At a loss for what to write, I once again went to one of my favorite books, Michael Scriven’s Evaluation Thesaurus . This time when I opened the volume randomly, I came upon the entry for meta-evaluation. This is a worthy topic, one that isn’t addressed often. So this week, I’ll talk about meta-evaluation and quote Scriven as I do.
First, what is meta-evaluation? This is an evaluation approach which is the evaluation of evaluations (and “indirectly, the evaluation of evaluators”). Scriven suggests the application of an evaluation-specific checklist or a Key Evaluation Checklist (KEC) (p. 228). Although this approach can be used to evaluate one’s own work, the results are typically unreliable which implies (if one can afford it) to use an independent evaluator to conduct a meta-evaluation of your evaluations.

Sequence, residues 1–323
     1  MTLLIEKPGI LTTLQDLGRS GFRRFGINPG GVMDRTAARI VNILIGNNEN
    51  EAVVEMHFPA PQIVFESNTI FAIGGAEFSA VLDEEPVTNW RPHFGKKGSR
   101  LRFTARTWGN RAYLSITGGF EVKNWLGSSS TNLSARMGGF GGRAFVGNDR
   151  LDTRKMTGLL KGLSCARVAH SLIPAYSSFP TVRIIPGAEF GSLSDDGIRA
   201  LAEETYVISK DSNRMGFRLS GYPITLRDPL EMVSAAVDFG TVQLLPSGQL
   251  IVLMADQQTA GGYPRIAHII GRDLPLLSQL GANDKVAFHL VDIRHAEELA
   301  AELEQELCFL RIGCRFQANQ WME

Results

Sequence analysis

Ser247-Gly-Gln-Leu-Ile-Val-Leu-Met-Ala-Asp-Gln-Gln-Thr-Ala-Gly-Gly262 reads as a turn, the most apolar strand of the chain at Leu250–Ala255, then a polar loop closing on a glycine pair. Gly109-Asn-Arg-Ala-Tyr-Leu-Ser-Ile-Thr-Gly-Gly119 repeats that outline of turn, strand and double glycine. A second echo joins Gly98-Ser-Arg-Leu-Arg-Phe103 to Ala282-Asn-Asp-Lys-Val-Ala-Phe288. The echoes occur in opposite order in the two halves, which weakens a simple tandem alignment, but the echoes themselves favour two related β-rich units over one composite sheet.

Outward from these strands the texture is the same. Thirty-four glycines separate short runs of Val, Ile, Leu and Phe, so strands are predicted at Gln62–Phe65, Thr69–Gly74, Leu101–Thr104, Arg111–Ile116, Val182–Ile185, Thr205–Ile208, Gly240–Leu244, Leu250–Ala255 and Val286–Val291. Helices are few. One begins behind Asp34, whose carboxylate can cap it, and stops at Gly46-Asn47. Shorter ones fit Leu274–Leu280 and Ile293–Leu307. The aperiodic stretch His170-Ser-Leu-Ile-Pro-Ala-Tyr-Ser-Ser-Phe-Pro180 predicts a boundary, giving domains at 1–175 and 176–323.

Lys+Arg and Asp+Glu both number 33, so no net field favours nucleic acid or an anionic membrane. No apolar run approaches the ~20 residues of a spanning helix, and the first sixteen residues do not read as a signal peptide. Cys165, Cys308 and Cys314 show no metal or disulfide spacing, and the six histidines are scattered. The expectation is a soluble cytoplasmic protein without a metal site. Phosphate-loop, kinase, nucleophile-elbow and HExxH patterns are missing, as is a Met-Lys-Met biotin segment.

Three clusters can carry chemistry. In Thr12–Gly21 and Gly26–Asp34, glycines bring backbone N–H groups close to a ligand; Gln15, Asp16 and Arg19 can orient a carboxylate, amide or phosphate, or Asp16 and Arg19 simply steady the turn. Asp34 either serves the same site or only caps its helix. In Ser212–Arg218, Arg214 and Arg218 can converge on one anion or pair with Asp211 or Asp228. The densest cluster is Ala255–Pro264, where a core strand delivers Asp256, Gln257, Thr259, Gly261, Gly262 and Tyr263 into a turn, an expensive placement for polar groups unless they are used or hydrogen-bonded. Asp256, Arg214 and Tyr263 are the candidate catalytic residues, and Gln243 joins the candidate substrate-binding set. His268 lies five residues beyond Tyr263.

Then, Scriven goes on to say the following key points:
- Meta-evaluation is the professional imperative of evaluation;
- Meta-evaluation can be done formatively or summatively or both; and
- Use the KEC to generate a new evaluation OR apply the checklist to the original evaluation as a product.
He lists the parts a KEC involved in a meta evaluation; this process includes 13 steps (pp. 230-231).
He gives the following reference:
Stufflebeam, D. (1981). Meta-evaluation: Concepts, standards, and uses. In R. Berk (Ed.), Educational evaluation methodology: The state of the art. Baltimore, MD: Johns Hopkins.